Wednesday, 6 June 2012

Establishing a pecking order

On Sunday we added, three new hens to our flock bringing the total to six, I have since learned that we should have quarantined them first but I didn't know so I am keeping my fingers crossed that we have no problems. 

It was only a short drive home but our new birds had been through the stress of a poultry auction which must be incredibly distressing, to let them calm down and settle in we shut them on their own inside the hen house with some food and water for the rest of the day. 

When we did open the pop hole they were quick to come out and started wildly pecking at the grass in a way that makes me suspect they had come from somewhere that didn't have any. 

Our new girls are in a bit of a sorry state truth be told, they are white leghorns, nice and young but a bit ruffled. a lot of their feathers are dirty and  scruffy, they have almost no tail feathers and naked vents and bellies. However the seller they came from had some really amazing looking hens of other breeds in the auction and there is no sign of parasites or disease so I think the wear is just superficial. I was chatting to a proper farmer type at the end of the sale who had also bought three birds from the same batch, he was holding all three quite happily in one hand so I assume he was fairly experience, anyway, he said they were nice little birds and would be fine with a bit of feeding up, he put the poor condition down to then being part of a very large flock where there was probably quite a lot of competition for resources.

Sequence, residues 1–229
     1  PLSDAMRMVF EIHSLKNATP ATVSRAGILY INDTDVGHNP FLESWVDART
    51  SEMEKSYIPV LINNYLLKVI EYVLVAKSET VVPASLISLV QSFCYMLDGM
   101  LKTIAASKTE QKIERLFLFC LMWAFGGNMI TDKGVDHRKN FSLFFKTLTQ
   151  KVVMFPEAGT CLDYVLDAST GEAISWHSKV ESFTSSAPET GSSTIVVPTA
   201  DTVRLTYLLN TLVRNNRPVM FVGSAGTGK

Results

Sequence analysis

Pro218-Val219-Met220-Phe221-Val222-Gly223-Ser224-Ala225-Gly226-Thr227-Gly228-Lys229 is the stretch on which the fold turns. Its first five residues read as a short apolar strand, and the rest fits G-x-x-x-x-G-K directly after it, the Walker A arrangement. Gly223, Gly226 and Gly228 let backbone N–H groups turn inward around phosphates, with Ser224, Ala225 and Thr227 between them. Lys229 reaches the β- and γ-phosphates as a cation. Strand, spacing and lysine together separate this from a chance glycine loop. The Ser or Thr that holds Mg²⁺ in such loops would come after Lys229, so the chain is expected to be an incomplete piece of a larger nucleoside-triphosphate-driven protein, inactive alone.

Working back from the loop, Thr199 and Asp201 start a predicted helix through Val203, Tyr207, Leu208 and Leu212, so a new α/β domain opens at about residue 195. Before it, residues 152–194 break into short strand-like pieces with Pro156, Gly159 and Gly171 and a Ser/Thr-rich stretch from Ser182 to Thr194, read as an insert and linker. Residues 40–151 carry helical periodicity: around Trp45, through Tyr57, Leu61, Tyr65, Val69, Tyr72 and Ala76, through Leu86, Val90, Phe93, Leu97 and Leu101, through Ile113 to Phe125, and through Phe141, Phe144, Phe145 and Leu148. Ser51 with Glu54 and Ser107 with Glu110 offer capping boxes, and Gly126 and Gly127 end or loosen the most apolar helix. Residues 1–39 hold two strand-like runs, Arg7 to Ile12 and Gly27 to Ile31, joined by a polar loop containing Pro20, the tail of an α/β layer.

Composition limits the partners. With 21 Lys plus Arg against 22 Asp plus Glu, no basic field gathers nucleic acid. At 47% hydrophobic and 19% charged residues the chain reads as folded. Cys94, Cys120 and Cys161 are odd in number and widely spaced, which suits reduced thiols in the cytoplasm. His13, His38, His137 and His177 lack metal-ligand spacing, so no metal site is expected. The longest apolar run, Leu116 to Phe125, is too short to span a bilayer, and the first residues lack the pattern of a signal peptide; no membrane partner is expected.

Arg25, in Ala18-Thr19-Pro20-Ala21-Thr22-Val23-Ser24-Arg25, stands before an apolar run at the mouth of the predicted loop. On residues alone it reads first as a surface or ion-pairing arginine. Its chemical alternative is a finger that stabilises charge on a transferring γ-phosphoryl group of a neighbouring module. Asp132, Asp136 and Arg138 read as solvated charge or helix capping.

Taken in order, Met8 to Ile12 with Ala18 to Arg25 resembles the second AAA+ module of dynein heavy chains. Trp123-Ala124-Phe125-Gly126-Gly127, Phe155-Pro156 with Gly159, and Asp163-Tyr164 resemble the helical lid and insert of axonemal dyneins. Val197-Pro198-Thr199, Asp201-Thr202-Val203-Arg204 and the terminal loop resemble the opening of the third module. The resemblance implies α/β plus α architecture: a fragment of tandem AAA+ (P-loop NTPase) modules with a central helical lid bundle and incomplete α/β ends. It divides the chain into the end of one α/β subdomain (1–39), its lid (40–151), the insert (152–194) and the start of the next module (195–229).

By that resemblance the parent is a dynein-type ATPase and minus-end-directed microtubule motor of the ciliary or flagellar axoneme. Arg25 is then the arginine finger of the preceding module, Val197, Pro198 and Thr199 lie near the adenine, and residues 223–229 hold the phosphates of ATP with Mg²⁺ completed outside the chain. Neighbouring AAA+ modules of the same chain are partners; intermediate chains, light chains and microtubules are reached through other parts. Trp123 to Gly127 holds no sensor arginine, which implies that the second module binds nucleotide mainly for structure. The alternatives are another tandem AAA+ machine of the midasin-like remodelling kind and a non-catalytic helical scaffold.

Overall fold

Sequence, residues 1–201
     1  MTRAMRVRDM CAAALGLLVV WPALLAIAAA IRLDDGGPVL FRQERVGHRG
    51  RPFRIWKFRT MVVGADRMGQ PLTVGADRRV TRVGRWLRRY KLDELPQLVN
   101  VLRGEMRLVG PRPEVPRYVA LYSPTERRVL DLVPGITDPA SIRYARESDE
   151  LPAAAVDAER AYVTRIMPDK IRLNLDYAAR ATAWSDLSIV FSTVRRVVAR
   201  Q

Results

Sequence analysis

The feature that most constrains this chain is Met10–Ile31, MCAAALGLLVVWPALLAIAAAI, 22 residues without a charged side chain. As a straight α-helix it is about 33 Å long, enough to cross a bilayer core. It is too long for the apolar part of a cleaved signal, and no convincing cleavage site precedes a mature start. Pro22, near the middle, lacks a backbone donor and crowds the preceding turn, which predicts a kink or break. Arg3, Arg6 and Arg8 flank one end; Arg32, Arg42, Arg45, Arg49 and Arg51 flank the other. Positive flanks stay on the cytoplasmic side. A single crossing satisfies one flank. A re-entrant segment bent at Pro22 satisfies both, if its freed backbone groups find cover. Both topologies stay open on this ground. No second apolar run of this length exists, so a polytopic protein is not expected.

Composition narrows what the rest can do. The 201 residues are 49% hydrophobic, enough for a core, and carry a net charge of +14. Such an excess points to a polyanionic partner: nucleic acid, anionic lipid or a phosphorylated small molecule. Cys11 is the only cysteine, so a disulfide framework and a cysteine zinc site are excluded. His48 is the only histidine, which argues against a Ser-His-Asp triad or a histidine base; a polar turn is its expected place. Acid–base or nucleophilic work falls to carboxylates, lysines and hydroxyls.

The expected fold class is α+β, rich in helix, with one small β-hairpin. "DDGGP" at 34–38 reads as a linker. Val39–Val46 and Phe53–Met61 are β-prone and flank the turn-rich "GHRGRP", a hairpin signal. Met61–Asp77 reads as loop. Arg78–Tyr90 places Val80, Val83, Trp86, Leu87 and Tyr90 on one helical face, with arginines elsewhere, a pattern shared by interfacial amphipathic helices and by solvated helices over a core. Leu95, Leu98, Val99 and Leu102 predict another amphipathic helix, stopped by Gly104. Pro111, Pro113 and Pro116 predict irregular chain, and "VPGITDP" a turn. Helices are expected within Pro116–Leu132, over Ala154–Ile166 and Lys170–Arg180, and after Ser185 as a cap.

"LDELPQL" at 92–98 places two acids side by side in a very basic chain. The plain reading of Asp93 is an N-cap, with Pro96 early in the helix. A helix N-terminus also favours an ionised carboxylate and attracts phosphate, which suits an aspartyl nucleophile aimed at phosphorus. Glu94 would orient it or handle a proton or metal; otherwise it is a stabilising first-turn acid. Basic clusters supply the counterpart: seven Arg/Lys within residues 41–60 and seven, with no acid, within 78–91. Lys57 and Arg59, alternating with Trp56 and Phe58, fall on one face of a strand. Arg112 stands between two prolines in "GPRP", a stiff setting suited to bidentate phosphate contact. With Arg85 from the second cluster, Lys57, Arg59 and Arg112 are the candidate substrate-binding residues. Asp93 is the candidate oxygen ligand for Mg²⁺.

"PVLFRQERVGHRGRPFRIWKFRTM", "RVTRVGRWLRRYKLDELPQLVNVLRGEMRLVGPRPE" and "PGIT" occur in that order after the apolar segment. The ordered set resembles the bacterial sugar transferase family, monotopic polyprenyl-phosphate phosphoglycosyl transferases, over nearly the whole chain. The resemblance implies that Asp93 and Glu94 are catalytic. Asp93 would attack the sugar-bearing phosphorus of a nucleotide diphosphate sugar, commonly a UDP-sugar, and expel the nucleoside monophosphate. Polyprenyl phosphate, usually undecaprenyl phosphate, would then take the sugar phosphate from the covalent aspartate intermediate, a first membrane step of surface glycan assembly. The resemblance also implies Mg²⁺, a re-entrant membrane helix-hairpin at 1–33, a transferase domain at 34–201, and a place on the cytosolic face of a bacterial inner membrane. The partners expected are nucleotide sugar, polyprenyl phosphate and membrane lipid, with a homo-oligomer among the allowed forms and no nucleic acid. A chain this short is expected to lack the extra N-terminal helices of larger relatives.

The Leghorn is pretty much the standard commercial bird in America where they like white eggs. They are egg machines, wiry little birds that put all their energy into egg production and stay lean as a result. They are flighty and quite jumpy but quite hardy (although I expect the huge combs are going to need a bit of vaseline in the winter!) 

There was a bit of bullying when the old and new hens met, the old hens giving our poor little new ones a bit of a hard time, however it wasn't too bad because the leghorns are so nippy and flighty that they were good at just keeping out of the way of the bullies. 

When I went to shut them up the old birds were sitting like queens on the top perch and all three of the leghorns had squeezed into a next box as far away as they could be, I left them like this and in the morning all seemed fine. 

However on the second night we had problems, it was getting dark and the leghorns refused to go in the hen house, instead they were trying to nest down on the outside of the house in the drizzle. Predators are professionally controlled by the surrounding farmers but leaving hens outside the house was a needless risk so we needed to shut them up. I caught one and put him in the hen house and shut the door. When I looked through the vents it was horrible, all three of the old birds jumped on the trapped leghorn and started pecking her to bits, I quickly got her out and didn't want to risk putting her in again. 

Instead we got an empty rabbit hutch, filled the nest bit with sawdust and made a perch from an old bed strut taped onto some bean tins. It was a bit cramped but safe and dry. We put the birds in and they all jumped into the tiny next bit and stayed there. 

I was a bit worried because but last night was very relieved, when I went to shut them up all six birds were roosting quite happily together in the main hen house. 

Looks like the settling period is over and the pecking order has been established. Hopefully harmony with reign for now on.

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